I am sorry I have doubted you, oh great one.
Philippe stands out as a documentarian because there’s really no editorial angle here, just a one man oral history of the making of a single film. What Philippe adds to the proceedings is a damn near magical layering of both footage from The Exorcist and behind the scenes images to complement Friedkin’s words, often resulting in a perfect dance between sound and image. One component would be essentially worthless without the other, but together it’s a film nerd’s dream. A score is added as well, and as far as I can tell it was created originally for the doc. It too is woven into the material in such a complementary way, often recreating the sound effects or tonal shifts employed in The Exorcist just as Friedkin is describing how the soundscape came to be. And while I wish there were more technical stories of production, that doesn’t seem to be the goal of the film. Instead, they are seeking a lyrical, experiential telling of one of the most legendary productions in film history, and on that front its a total success.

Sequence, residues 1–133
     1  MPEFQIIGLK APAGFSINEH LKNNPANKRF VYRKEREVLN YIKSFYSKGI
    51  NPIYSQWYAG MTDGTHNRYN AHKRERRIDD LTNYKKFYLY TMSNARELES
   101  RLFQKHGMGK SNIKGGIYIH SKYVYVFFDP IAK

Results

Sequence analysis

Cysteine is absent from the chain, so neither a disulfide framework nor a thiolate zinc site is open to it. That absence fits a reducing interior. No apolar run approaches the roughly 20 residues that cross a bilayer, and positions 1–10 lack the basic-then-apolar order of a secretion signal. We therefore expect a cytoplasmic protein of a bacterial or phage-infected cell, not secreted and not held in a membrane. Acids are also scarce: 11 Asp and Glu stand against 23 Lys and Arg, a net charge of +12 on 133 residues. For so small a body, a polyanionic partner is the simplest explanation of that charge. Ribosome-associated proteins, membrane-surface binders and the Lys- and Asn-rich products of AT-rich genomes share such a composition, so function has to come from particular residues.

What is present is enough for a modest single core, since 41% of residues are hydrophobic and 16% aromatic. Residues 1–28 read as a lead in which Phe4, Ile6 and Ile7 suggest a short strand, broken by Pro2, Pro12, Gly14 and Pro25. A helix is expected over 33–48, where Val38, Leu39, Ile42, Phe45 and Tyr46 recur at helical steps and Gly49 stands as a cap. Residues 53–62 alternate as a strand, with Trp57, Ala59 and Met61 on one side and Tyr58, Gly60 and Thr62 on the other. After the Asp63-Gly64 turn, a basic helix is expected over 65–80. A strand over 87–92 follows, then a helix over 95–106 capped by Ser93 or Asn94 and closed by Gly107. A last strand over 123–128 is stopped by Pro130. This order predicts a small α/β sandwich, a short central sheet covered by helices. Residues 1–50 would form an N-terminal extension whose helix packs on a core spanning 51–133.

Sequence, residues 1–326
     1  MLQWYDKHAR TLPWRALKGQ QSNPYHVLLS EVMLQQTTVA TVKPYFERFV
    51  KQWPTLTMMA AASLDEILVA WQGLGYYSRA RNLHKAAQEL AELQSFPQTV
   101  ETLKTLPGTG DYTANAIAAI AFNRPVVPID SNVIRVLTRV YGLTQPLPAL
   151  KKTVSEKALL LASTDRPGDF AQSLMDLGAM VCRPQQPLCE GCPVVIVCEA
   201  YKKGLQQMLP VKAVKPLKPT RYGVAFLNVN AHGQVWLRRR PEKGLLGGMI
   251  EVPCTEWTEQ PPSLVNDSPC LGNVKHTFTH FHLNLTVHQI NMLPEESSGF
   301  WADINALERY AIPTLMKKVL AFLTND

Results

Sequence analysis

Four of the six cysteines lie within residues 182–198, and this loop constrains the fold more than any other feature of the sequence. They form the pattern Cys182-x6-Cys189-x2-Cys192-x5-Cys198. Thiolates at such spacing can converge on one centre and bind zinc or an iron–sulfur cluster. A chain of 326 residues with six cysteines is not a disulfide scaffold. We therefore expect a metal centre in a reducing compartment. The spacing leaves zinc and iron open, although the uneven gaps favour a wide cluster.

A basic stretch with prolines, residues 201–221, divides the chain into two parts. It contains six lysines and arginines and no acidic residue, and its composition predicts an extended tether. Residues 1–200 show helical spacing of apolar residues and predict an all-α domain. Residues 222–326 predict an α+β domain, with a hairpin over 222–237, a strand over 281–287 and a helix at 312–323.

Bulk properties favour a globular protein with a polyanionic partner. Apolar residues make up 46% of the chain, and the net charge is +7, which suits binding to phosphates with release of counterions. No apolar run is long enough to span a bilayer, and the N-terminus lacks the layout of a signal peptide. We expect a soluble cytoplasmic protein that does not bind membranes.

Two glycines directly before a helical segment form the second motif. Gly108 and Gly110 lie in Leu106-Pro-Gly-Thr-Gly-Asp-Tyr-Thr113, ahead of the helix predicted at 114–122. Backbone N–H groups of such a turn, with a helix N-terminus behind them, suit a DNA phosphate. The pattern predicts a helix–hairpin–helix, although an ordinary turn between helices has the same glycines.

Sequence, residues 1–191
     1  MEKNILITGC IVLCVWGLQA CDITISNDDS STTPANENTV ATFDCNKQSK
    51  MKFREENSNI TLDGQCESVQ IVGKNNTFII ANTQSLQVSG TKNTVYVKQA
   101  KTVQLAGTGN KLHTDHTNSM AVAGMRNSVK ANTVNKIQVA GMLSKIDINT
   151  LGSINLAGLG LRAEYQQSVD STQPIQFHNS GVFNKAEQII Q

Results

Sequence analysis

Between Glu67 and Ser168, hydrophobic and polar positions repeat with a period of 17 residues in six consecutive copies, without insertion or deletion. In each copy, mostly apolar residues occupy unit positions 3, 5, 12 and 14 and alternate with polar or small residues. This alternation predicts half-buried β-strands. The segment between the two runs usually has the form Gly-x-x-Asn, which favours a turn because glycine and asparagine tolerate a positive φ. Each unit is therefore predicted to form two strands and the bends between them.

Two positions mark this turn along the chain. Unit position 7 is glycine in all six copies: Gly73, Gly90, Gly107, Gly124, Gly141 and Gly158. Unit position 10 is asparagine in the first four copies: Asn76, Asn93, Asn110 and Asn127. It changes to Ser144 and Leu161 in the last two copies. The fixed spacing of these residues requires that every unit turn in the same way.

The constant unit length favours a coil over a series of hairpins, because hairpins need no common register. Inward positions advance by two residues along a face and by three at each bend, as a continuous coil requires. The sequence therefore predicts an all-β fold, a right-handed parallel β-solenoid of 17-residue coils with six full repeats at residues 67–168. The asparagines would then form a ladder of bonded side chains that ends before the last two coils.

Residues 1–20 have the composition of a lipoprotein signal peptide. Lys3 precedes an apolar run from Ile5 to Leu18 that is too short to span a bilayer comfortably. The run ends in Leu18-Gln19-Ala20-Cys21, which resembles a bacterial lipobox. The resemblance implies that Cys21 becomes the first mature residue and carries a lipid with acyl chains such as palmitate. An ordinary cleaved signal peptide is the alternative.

While Friedkin waxes philosophical over his influences, which range from Caravaggio to Magritte (I will honestly be thinking about how films can be lit quite differently now), one thing becomes very clear: this half-blowhard oddball has tons of creative juices still flowing through him, and regardless of our methods, we all should be as creatively invested in our own projects as he was in his. Facts, in the realm of creative endeavors, are often inferior to truths, and this is a duality that Friedkin embodies in all of his work, even late career faux-documentaries. It just took another brilliant filmmaker unpacking it all in order for me to understand. Very well done!
eap of Faith: William Friedkin on The Exorcist is now streaming on Shudder.